Convicted murderer could get new trial in case of toddler's death

January 22, 2010 3:19:55 PM PST
A Montgomery County man sentenced to life in prison for the death of his girlfriend's baby daughter could soon be getting another trial. Today a judge accused the medical examiner who ruled the child's death a homicide of lying. It was Judge Michael Mayes' opinion that the pathologist who performed the autopsy on the 17-month-old lied in order to swing the case in the state's favor. While prosecutors say they respect the judge's decision, they by no means, are ready to call it quits.

For convicted baby killer Neal Robbins, who was sentenced to life, the judge's recommendation that the court of criminal appeals grant him a new trial was a moment 11 years in the making.

"I'm ecstatic," said His brother Brandon Robbins. "I'm so happy for my brother. So many things have been taken away from him over the last 12 years, 11 years and I wish my mother and grandmother were here to see this and support him."

Neal Robbins was convicted in 1999 of killing his girlfriend's daughter who he was babysitting. During the trial, Dr. Patricia Moore, who conducted the autopsy on 17-month-old Tristen Rivet, testified the baby was asphyxiated and the victim of a homicide. Moore's testimony was critical to the state winning it's conviction. But in 2007, she changed her opinion. Robbins' attorney has been fighting for a new trial ever since.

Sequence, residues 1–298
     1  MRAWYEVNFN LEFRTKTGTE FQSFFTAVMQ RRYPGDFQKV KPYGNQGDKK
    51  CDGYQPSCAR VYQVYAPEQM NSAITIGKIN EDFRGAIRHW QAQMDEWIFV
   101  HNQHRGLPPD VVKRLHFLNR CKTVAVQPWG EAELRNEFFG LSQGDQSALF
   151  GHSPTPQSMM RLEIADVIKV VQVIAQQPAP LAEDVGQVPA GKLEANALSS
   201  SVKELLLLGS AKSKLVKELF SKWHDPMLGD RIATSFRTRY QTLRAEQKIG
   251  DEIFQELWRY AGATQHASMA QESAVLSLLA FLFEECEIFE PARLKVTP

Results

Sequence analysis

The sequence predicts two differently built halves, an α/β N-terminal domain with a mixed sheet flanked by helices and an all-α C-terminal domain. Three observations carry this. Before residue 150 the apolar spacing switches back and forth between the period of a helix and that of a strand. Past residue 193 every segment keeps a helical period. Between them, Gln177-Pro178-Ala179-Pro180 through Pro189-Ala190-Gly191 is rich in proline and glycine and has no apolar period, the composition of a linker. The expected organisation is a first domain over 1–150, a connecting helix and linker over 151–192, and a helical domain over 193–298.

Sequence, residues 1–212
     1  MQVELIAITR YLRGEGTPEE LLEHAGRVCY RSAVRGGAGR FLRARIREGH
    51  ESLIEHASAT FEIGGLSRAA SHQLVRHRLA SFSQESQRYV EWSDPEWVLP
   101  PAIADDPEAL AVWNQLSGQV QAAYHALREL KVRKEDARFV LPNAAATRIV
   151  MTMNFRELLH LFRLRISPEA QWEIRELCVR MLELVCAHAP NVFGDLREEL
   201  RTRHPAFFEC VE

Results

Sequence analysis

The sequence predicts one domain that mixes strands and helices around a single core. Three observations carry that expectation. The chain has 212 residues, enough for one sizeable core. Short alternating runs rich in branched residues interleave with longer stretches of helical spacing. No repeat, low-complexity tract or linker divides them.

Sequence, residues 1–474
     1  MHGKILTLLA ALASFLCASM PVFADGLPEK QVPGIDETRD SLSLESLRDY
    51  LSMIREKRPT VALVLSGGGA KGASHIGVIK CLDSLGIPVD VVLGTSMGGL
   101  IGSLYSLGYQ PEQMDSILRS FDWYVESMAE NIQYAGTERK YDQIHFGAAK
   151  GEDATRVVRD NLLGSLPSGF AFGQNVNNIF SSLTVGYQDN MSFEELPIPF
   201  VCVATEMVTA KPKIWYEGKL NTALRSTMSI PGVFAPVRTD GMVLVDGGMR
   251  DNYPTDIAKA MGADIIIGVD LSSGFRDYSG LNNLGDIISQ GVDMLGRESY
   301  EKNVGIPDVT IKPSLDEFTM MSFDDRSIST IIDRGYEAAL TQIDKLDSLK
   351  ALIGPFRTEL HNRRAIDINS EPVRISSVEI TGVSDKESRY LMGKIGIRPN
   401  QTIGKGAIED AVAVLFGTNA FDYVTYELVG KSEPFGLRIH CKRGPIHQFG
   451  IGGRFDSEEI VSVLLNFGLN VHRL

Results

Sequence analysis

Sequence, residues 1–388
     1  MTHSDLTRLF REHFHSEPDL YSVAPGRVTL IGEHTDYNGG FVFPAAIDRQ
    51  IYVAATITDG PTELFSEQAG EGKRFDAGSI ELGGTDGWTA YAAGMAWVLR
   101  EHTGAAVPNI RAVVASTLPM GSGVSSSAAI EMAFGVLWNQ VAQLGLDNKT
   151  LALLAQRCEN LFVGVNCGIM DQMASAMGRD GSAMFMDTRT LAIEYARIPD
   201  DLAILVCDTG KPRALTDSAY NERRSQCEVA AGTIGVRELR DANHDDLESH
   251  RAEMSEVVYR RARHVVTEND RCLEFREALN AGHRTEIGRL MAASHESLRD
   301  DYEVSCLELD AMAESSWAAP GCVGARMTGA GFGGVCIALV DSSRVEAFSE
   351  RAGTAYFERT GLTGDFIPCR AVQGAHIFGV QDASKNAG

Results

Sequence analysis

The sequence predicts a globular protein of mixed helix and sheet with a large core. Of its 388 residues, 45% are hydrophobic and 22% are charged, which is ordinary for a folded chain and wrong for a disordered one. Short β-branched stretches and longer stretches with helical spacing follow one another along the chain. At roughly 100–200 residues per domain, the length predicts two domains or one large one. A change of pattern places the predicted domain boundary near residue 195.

"What we saw and what we heard and what we witnessed today just underscores how the criminal justice system, when you think it can't or it won't, in the bottom of the nine comes in and does the absolute right thing," said Robbins' attorney Brian Wice.

Yet the state isn't giving up. Prosecutors claims Robbins had harmed the child before, arguing that on three separate occasions the 17-month-old was seriously injured while Robbins was taking care of her.

Assistant District Attorney Bill Demore said, "One of the things that we would have to explore if we're talking about whether or not to have a new trial, is whether we could present medical evidence that establishes this was a homicide. I don't know if that's available or not at this point."

The state hasn't decided whether it will file any objections to the judge's recommendation.